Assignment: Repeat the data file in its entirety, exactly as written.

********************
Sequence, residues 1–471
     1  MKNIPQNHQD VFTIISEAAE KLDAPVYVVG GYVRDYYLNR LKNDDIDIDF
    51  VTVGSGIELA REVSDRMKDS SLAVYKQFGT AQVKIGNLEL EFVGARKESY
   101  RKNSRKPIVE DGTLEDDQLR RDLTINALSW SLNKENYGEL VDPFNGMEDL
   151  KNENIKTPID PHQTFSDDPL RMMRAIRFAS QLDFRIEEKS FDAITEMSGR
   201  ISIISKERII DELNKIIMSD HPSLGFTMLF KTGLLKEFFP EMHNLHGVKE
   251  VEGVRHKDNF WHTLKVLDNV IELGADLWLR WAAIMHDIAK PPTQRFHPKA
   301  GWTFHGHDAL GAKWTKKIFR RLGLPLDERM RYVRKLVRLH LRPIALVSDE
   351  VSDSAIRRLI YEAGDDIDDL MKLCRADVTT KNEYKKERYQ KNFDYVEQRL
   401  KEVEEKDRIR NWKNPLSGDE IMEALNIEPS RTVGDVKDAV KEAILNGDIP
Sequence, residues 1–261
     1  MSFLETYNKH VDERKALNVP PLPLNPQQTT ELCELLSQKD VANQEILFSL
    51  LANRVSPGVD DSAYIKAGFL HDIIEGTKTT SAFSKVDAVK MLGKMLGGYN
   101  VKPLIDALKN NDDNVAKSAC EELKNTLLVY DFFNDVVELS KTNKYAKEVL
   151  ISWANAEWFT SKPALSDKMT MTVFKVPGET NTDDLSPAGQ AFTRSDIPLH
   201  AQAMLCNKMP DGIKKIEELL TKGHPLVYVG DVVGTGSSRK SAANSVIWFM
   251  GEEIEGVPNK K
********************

Sequence, residues 1–471
     1  MKNIPQNHQD VFTIISEAAE KLDAPVYVVG GYVRDYYLNR LKNDDIDIDF
    51  VTVGSGIELA REVSDRMKDS SLAVYKQFGT AQVKIGNLEL EFVGARKESY
   101  RKNSRKPIVE DGTLEDDQLR RDLTINALSW SLNKENYGEL VDPFNGMEDL
   151  KNENIKTPID PHQTFSDDPL RMMRAIRFAS QLDFRIEEKS FDAITEMSGR
   201  ISIISKERII DELNKIIMSD HPSLGFTMLF KTGLLKEFFP EMHNLHGVKE
   251  VEGVRHKDNF WHTLKVLDNV IELGADLWLR WAAIMHDIAK PPTQRFHPKA
   301  GWTFHGHDAL GAKWTKKIFR RLGLPLDERM RYVRKLVRLH LRPIALVSDE
   351  VSDSAIRRLI YEAGDDIDDL MKLCRADVTT KNEYKKERYQ KNFDYVEQRL
   401  KEVEEKDRIR NWKNPLSGDE IMEALNIEPS RTVGDVKDAV KEAILNGDIP
Sequence, residues 1–261
     1  MSFLETYNKH VDERKALNVP PLPLNPQQTT ELCELLSQKD VANQEILFSL
    51  LANRVSPGVD DSAYIKAGFL HDIIEGTKTT SAFSKVDAVK MLGKMLGGYN
   101  VKPLIDALKN NDDNVAKSAC EELKNTLLVY DFFNDVVELS KTNKYAKEVL
   151  ISWANAEWFT SKPALSDKMT MTVFKVPGET NTDDLSPAGQ AFTRSDIPLH
   201  AQAMLCNKMP DGIKKIEELL TKGHPLVYVG DVVGTGSSRK SAANSVIWFM
   251  GEEIEGVPNK K